I read the book Good to Great this past summer. There are lots of catchy themes and terms that I can drop (and will, more than likely) from that book, and they are indeed fairly useful, I reckon. One thing the author talks about is that in good businesses someone figured out to get the right people "on the bus" before you really take it anywhere. This is all a metaphor for building a team with the right people for your business endeavor.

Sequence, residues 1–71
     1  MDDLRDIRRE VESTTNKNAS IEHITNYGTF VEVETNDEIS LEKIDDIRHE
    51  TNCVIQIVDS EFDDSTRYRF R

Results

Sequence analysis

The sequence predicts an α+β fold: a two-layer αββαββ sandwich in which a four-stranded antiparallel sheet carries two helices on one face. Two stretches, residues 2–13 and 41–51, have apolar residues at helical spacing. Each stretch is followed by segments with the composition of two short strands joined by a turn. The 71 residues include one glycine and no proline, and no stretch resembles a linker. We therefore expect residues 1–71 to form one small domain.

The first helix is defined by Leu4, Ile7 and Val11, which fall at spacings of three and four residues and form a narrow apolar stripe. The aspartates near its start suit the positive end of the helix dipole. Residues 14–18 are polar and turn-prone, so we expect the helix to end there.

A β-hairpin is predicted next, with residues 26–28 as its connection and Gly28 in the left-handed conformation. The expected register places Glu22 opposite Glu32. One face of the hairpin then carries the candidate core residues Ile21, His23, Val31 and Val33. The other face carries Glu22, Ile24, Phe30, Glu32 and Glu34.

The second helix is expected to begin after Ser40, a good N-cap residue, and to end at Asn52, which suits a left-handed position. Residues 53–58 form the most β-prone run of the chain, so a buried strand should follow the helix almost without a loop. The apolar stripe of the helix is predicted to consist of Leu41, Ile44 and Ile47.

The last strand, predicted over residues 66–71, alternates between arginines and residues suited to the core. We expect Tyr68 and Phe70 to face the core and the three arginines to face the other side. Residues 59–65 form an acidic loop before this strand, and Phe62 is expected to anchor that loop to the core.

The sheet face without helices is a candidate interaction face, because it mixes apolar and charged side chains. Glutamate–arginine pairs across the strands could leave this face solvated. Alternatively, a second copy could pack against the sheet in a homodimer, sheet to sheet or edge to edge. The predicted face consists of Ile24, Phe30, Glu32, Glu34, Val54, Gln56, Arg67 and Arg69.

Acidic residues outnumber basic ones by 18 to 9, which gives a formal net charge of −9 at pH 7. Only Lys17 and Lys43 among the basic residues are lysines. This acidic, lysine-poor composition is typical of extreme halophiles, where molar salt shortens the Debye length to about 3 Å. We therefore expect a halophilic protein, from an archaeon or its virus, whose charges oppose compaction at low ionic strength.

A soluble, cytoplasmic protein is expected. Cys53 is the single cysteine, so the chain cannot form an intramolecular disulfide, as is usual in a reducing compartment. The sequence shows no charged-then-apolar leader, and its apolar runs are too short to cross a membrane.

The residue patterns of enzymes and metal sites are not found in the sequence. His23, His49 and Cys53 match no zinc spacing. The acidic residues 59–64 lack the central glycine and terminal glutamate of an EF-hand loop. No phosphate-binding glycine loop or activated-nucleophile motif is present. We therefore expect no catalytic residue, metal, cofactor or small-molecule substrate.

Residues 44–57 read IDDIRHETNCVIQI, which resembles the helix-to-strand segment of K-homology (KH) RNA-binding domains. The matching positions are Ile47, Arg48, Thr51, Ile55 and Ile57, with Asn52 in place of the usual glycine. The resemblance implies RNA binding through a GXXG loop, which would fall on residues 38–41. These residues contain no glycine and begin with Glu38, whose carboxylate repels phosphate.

I hold a similar concept and metaphor dear on the issue of proceeding forward with one's personal narrative. I use a boat as opposed to a bus. It must be the Mississippi River heritage in me. It goes like this. By our age, you probably know the essential key things that really matter and make you happy. They can be as important and understood as your children and parents and dear friends, or simple and of an accessory nature, like good books or yoga or baseball. I think if you know you have the essential components -- big and small -- that serve you, truly matter to you, bring you joy and satisfaction, in your boat, you're halfway there. Then, you set your boat to sail forward and let the currents and winds blow you a little. If the boat is moving forward, and you're not stuck in the bog, trudging and dragging, then you're probably on track and being true. If you get stuck, you might need to unload something or just let go of some assumptions about the direction you're supposed to be headed in. I think if you just know what's supposed to be in your boat, though, and follow the current -- consistently paddling, mind you (my midwestern self will never accept that one can just sit back and float) -- everything should work out.